June 2017
Volume 58, Issue 8
Open Access
ARVO Annual Meeting Abstract  |   June 2017
Subconjunctival dexamethasone for the prevention of cystoid macular oedema in routine cataract surgery: a randomised, controlled trial
Author Affiliations & Notes
  • Enis D Kocak
    Department of Ophthalmology, The Alfred Hospital, Melbourne, Victoria, Australia
  • Anthony John Hall
    Department of Ophthalmology, The Alfred Hospital, Melbourne, Victoria, Australia
    Department of Surgery, Monash University, Melbourne, Victoria, Australia
  • David van der Straaten
    Department of Ophthalmology, The Alfred Hospital, Melbourne, Victoria, Australia
  • Footnotes
    Commercial Relationships   Enis Kocak, None; Anthony Hall, None; David van der Straaten, None
  • Footnotes
    Support  None
Investigative Ophthalmology & Visual Science June 2017, Vol.58, 1823. doi:
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      Enis D Kocak, Anthony John Hall, David van der Straaten; Subconjunctival dexamethasone for the prevention of cystoid macular oedema in routine cataract surgery: a randomised, controlled trial. Invest. Ophthalmol. Vis. Sci. 2017;58(8):1823.

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      © ARVO (1962-2015); The Authors (2016-present)

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Abstract

Purpose : Cystoid macular oedema (CMO) is a common complication causing visual loss following cataract surgery. Subconjunctival dexamethasone is used in patients at high risk of developing CMO, however its role in patients with no risk factors for CMO development has not been evaluated. We performed a prospective, randomised, controlled, investigator-masked, single centre clinical trial to test the hypothesis that injection of intra-operative subconjunctival dexamethasone prevents the development of CMO following routine uncomplicated cataract surgery.

Methods : Eyes of patients scheduled to undergo cataract surgery with no known risk factors for development of CMO were randomised to receive either the current standard of care (control group; n = 89) or the current standard of care plus a single subconjunctival depot injection of 1 mg dexamethasone at the conclusion of cataract surgery (dexamethasone group; n = 115). Eyes were excluded from the study if lens capsular disruption occurred at surgery. The primary outcome was the mean change in central macular thickness (CMT), evaluated using optical coherence tomography at 1 week. Secondary outcomes were the incidence of clinical CMO, best-corrected visual acuity (BCVA), intraocular inflammation, and intraocular pressure. An intention to treat analysis was performed using Student’s t- test, the Mann-Whitney U test and Fisher’s exact text.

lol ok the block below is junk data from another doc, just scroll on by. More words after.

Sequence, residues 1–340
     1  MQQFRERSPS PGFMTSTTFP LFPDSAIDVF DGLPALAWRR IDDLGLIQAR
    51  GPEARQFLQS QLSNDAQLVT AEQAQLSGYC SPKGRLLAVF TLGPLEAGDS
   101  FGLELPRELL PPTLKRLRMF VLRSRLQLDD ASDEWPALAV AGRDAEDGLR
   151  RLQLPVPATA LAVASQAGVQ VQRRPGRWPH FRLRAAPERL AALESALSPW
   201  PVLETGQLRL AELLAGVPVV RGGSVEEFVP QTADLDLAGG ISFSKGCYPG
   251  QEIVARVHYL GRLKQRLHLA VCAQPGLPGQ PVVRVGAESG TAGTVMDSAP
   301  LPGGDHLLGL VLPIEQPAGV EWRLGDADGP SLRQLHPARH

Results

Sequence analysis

Results : Mean change in CMT was similar between the two groups (1.3±19.7 µm in the control group compared to 1.5±13.6 µm in the dexamethasone group; P = 0.956). Clinical CMO was present in 2 eyes (2.2%) in the control group and 1 eye (0.9%) in the dexamethasone group (P = 0.582). BCVA at 1 week was 0.10±0.14 logMAR in the control group and 0.10±0.18 logMAR in the dexamethasone group (P = 0.967). There were no statistically significant differences between the groups in the level of post-operative intraocular inflammation (P = 0.279), change in intraocular pressure (P = 0.943) or frequency of adverse events (P = 0.687).

Conclusions : Subconjunctival dexamethasone was not efficacious in preventing CMO or reducing intraocular inflammation following routine cataract surgery. It was not associated with an increase in post-operative complications or adverse effects.

This is an abstract that was submitted for the 2017 ARVO Annual Meeting, held in Baltimore, MD, May 7-11, 2017.

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